What You Should Know
This mushroom can cause quite a little confusion. Its gills remain white for quite a long time (as compared to its close relative, Pluteus cervinus), and it is more likely to be found growing from woodchips, buried wood in urban areas (especially where trees have been taken out within a year or two), woody mulch, or sawdust, appearing terrestrial rather than popping out of a stump.
However, the gills do eventually turn Pluteus-pink, and once they do, the same factors that were confusing at first become useful features for identification-coupled with the fact that the cap is usually (but not always!) whitish to very pale brown, with fine brown scales over the center.
For certain identification, however, microscopic features should be checked, since cervinus-like collections of Pluteus petastus (and petasatus-like collections of Pluteus cervinus) are not uncommon.
Pluteus petatus has slightly smaller spores than Pluteus cervinus, and its cheilocystidia are much less frequent. Additionally, and perhaps more easily assessed, Pluteus petasatus features abundant, fusiform "intermediate cystidia" that have not yet developed the apical prongs of mature pleurocystidia.
Other names: Fawn mushroom.
Pluteus petasatus Mushroom Identification
5-13.5 cm broad, convex to convex-umbonate, expanding to nearly plane, at maturity the disc sometimes depressed or raised; the margin in youth, incurved, then decurved, finally plane; surface sticky when moist, otherwise dry, glabrous when young, often shiny, cream-colored with pale innate, brown fibrils concentrated at the disc, the latter occasionally becoming fibrillose to squamulose; in dry weather the cap sometimes squamulose overall; context white, unchanging, soft, up 1.5 cm thick, thin near margin; odor and taste of radish.
Gills free, crowded, broad, pallid, becoming cream to pinkish, finally salmon pink; not marginate; lamellulae up to four-seried.
Stipe 5-9 cm long, 1-1.5 cm thick, straight, the apex and base often enlarged, fleshy, solid at maturity; surface longitudinally striate at the apex, white, elsewhere smooth to slightly wrinkled, in age brownish fibrils sometimes developing at the base; partial veil absent.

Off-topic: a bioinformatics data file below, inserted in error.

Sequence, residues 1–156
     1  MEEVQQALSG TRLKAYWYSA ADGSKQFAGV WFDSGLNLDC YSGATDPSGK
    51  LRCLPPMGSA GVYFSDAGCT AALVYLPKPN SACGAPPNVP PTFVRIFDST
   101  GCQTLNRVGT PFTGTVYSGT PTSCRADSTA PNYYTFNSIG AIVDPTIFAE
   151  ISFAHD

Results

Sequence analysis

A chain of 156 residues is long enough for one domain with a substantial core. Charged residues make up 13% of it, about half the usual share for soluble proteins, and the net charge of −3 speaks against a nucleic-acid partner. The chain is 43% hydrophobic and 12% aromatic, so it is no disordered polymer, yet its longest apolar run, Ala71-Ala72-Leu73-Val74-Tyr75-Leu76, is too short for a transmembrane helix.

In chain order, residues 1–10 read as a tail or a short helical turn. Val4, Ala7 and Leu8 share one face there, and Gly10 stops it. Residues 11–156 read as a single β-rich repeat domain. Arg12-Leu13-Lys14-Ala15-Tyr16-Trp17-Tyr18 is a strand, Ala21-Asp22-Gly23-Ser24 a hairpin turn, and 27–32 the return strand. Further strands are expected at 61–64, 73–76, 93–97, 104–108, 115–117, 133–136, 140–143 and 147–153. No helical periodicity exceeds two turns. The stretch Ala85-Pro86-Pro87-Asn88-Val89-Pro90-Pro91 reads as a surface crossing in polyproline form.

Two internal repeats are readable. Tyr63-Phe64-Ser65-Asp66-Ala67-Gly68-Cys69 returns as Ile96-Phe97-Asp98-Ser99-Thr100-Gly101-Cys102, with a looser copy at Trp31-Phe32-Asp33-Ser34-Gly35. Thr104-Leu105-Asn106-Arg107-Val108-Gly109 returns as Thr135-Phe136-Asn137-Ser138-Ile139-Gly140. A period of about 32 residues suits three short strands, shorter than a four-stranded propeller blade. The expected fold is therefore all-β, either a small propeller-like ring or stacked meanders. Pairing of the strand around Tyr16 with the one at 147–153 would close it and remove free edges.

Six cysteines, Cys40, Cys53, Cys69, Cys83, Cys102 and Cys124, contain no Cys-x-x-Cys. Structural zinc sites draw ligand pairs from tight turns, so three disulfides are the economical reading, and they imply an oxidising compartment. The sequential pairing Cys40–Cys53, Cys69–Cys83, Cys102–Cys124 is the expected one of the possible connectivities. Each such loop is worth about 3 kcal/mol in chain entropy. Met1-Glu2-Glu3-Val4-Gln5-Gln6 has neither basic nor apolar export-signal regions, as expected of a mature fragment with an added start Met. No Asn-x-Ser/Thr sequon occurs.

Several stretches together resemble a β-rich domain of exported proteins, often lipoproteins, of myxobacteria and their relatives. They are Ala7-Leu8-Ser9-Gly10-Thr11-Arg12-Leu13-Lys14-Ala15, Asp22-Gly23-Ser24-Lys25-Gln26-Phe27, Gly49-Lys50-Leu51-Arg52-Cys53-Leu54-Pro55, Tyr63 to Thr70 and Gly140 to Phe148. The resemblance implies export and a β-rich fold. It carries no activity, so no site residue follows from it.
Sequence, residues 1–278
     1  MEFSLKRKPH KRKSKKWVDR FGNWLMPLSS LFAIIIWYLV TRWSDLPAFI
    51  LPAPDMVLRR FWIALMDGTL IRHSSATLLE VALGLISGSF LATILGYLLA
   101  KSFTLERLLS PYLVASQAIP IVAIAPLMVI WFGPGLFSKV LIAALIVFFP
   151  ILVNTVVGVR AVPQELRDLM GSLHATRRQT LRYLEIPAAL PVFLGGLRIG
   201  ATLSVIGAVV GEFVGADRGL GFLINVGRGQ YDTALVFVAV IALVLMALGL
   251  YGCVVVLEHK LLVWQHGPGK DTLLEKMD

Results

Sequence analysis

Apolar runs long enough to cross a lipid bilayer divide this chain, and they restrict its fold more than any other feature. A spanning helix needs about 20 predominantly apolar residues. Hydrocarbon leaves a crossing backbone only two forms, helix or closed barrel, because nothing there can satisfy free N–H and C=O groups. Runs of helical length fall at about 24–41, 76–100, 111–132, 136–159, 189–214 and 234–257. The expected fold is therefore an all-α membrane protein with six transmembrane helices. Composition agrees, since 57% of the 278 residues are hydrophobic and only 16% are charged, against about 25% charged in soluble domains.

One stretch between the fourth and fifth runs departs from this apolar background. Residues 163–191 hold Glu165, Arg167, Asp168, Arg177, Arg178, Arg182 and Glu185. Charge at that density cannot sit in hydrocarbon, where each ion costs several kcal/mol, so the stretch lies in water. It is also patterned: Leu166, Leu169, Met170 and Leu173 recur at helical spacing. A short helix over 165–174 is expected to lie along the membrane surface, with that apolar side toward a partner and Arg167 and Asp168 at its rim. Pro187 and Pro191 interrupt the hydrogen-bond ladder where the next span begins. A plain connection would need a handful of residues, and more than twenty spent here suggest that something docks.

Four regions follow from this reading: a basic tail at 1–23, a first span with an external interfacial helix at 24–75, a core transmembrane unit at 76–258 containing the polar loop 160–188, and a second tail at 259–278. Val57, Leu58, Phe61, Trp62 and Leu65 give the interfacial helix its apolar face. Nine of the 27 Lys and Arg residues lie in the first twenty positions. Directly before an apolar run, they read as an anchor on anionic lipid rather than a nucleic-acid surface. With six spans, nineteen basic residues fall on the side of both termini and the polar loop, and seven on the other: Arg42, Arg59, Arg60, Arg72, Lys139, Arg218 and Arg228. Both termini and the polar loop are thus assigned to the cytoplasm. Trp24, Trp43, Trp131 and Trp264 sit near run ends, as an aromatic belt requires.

Spore print salmon-pink.
Clustered, less commonly solitary, on rotting chips, woody debris or logs; fruiting in late summer in watered areas or after the fall rains.
Spores 5–8 x 3.5–6 µm; ellipsoid; smooth; hyaline and uniguttulate in KOH; inamyloid. Cheilocystidia scattered and infrequent; clavate to sphaeropedunculate; hyaline in KOH; thin-walled. Intermediate cystidia often abundant; fusiform, without apical projections; thick-walled; hyaline in KOH. Pleurocystidia 50–90 x 10–25 µm; lageniform with a flared apex; with 2–4 apical hooks; hooks entire; thick-walled; hyaline with faintly ochraceous walls in KOH. Pileipellis a cutis or slightly gelatinized cutis; elements 4–7 µm wide, hyaline or brownish in KOH, smooth, septate, not clamped; terminal cells cylindric with rounded apices.
Photo 1 - Author: Jerzy Opioła (Creative Commons Attribution-Share Alike 4.0 International)
Photo 2 - Author: Strobilomyces (Creative Commons Attribution-Share Alike 3.0 Unported)
Photo 3 - Author: Strobilomyces (Creative Commons Attribution-Share Alike 3.0 Unported)
Photo 4 - Author: LurkinLizard (Creative Commons Attribution-Share Alike 3.0 Unported)
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